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Backpacker tax cut but departure tax rises

September 28, 2016 Headline News No Comments Print Print Email Email

egtmedia59Australia’s Federal Government has backed down on its backpacker tax proposals, dumping the budget plan to impose a 32.5% tax on backpacker workers and instead slashing the rate to 19% – but there’s a sting in the tail: airport departure tax will rise by AUD 5, or 9%.

The tourism and agricultural industries have been agitating to have the ill-conceived backpacker tax axed altogether. They are not happy about the extra AUD 5 departure tax.

Many feel the backpacker tax is still far too high and pressure continues to eliminate it altogether, or at least, cut it to the New Zealand rate of 10.5%. Senator Jacqui Lambie says New Zealand’s rate is still far more competitive than Australia and it will encourage backpackers to head for that country instead of Australia.

As backpackers form over one quarter of Australia’s rural seasonal agriculture workforce, that’s serious.

The backpacker tax, first proposed in 2015 budget, faced massive opposition from rural industry and tourism operators.  The compromise deal announced by Treasurer Scott Morrison yesterday will see the tax cut to 19% and an extra AUD 10 million allocated to the tourism industry, to market backpacker jobs


The Tourism & Transport Forum Australia (TTF) said the backpacker tax reduction was a step in the right direction but denounced the 9% rise in departure tax.

“It is outrageous situation that the Federal Government continues to view the tourism industry as a cash cow,” TTF chief executive Margy Osmond said.

“While I am very disappointed that the Federal Government wishes to push ahead with the backpacker tax, 19% is a hell of a lot better than 32.5%. TTF will be continuing our dialogue with other political parties as the legislation for this tax is introduced to the Parliament.

She said industry had been “completely blindsided” by the decision to increase departure tax (which carries the pompous official name Passenger Movement Charge or PMC).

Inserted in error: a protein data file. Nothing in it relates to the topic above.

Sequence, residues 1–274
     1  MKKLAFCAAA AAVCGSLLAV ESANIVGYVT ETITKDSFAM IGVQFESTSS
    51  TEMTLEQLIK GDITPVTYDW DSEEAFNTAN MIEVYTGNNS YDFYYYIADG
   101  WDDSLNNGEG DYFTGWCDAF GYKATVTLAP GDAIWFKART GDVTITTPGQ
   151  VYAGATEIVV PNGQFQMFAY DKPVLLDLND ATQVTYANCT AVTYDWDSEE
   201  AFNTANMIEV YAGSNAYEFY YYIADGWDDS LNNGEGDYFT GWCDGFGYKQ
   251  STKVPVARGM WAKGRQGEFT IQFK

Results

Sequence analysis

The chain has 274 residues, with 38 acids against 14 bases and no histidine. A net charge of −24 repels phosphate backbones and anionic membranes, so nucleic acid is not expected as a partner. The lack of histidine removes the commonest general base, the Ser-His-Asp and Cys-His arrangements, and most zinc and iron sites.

“At no point was it flagged in any discussions in which we took part and is a bitter disappointment that we’ve been slapped with this tax hike on every traveller – Australian or international visitor – heading overseas.

“I want to make it quite clear that TTF, representing the industry, has been steadfast in our opposition to any increase in the Passenger Movement Charge. Before the Federal Election, the first plank of our election manifesto was the demand that all sides of politics continue to freeze the PMC at the current rate of AUD 55.

“We recognise that the Federal Treasurer Scott Morrison has inherited this decision from his predecessor and that it has been a difficult issue for Government. However, any need to make revenue targets has been set by the Government not industry.

“We do acknowledge that the Government has picked up some of TTF’s suggestions. The revised backpacker tax package does contain some positives for the industry. The extension of the age limit for working holiday makers from 30 to 35 and the reduction of the cost of working holiday visa by AUD 50 to AUD 390 is welcome. The relaxation of some of the employment restrictions that will now allow backpackers to continue to work for the same employer for 12 months but in different states or territories in Australia is also positive.

“The allocation of AUD 10 million for the industry to work with Tourism Australia to increase the working holiday makers to Australia following the more than 43,000 decline we’ve experienced over the past three years is something that TTF has been calling for as part of this review.”

Written by Peter Needham

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